A Life in Theatre & Television Design
Cwmni Theatr Gwynedd : Three Amadeus reviews
Review in The Stage, 10 May 2001 by Victor Hallet
I don’t know how much Theatr Gwynedd’s Welsh language production of Peter Shaffer’s Amadeus cost to mount – something comparatively modest I guess – but the result looks sumptuously expensive. Transparent panels in a semi circle, a chequered floor, a gilded baroque frame for projected images, a central proscenium arch, glorious costumes and there is Salieri’s Vienna.
Salieri is the core of the play. Wynford Ellis Owen’s multi-
Arwel Gruffydd is a superb Mozart. The childish, insanely giggling buffoon gives way movingly to the pitiful dignity of poverty – and you believe he wrote the music. Nia Williams is a beautiful down to earth Constanze, she is a genuinely loving wife.
Owen Arwyn and Cian Marc are a perfect double as the Venticelli, and they make a lovely pair of trees. The other characters are deliberately seen as ciphers, but all are given precise, if cartoonish life, especially Gwyn Parry as Emperor Joseph II.
The other vital character is the music, and the sound is particularly well handled, every cue at exactly the sound level asked for in the script, whether whisperingly quiet or painfully thunderous.
Graham Laker’s direction is so skilfully paced that the play’s three hours slip by unnoticed/ This fine production is one of which all concerned should feel proud.
Review by Elin Wyn Davies
Rewiew from the Welsh translated in Google Translate.
Directed by Graham Laker.
Amadeus is a chilling drama based on the life of two musicians of the eighteenth century. What gave rise to the original play was the suspicious circumstances around the of death of the musician Wolfgang Amadeus Mozart; he was poisoned by another composer, Antonio Salieri. Those interested in classical music, or know much about Mozart's life, have much to enjoy in the drama. If you appreciate fine acting and professional production, then you will enjoy this play.
The play is set in Vienna, in November 1823, Salieri recalls his life, on the eve of his death. I got a taste of his life and his stormy relationship with Mozart, between 1781 and 1791. Wynford Ellis Owen who plays the central character, Salieri, and admitted that this was the greatest challenge of his career. He is present on stage throughout the performance -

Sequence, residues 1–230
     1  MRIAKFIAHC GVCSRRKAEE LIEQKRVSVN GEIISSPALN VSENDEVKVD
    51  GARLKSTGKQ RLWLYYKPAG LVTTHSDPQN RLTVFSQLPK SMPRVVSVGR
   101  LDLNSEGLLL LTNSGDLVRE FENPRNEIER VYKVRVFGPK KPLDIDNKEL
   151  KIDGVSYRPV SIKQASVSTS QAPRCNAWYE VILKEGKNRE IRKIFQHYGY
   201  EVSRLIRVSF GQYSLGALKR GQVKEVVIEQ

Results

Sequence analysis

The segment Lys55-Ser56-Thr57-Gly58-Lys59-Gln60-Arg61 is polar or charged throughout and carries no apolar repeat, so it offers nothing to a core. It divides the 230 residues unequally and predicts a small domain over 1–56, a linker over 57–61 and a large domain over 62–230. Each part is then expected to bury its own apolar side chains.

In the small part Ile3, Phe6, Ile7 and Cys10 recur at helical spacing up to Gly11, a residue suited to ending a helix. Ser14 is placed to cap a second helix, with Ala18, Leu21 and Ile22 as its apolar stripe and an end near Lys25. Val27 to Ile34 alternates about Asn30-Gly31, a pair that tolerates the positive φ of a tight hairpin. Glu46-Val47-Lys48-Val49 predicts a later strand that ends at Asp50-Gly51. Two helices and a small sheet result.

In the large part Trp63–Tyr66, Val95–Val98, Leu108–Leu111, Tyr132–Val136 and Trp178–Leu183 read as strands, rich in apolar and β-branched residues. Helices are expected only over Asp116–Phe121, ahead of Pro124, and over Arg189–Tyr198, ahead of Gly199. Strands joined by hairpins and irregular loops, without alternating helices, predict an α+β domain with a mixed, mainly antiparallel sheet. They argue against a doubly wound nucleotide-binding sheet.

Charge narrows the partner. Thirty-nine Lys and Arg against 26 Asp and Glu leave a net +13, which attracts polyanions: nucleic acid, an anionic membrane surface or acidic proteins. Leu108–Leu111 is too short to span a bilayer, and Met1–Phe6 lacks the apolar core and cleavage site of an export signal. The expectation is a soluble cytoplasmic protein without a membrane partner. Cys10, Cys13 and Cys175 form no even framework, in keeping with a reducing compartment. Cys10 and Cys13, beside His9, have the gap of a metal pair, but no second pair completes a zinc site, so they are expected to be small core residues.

The play is a highly complex, but as Salieiri takes us through the performance, it is easy to understand and enjoy.
There is plenty of humour in Amadeus, which is unexpected, perhaps, given the intensity of the beginning. The amusing and serious sides have been married with great skill.
Mozart is an eccentric to say the least and we were convinced of this by the remarkable Arwel Gruffydd’s portrait. Added to the humour of Mici Plwm and Manon Elis. Plus a mix of Mozart’s and Salieri’s life history in which the notion that some people are born with incredible talent (Mozart) but others are working hard, fail to meet the same standard (Salieiri) is covered. In this case it results in envy. Depicted, is a marked deterioration in personality of both musicians with mental illness which was communicated very effectively.
A very powerful use of music with the sound of Mozart operas thundering through the theatre adding to the feeling of performance. With a performance free from faults I had an evening of pure enjoyment. Each actor is completely disciplined with an effective mix of humour and seriousness. I would commend this production to anyone who enjoys serious drama. Moreover, there is a very impressive and effective set and the costumes of the period are also special.
Performances at Theatr Gwynedd, Bangor on Saturday November 11 and then between November 14 and 18.
Extracts from an article in The Daily Post, 10 November 2000
Eternal riddle of what goes to make a genius
Ken Owen’s Welsh adaptation of the controversial work ‘Amadeus’ is to be seen for the first time at Theatr Gwynedd, Bangor. Filled with drama, and a dazzling set by Martin Morley, it is expected to become one of the highlights of the Welsh stage.
‘Using elements from the lives of Mozart and Saliere, the drama asks why artistic genius is bestowed on some people and not othere’ says Graham Laker, Amadeus director. ‘Some people resent the play accusing it of being a gross travesty of musical history. And certainly the audience should not expect an accurate account of the lives’
‘There is an element of the triller in the play’, says Laker. ‘Seeing a battle between two men and one set out to destroy the other is always of interest’.
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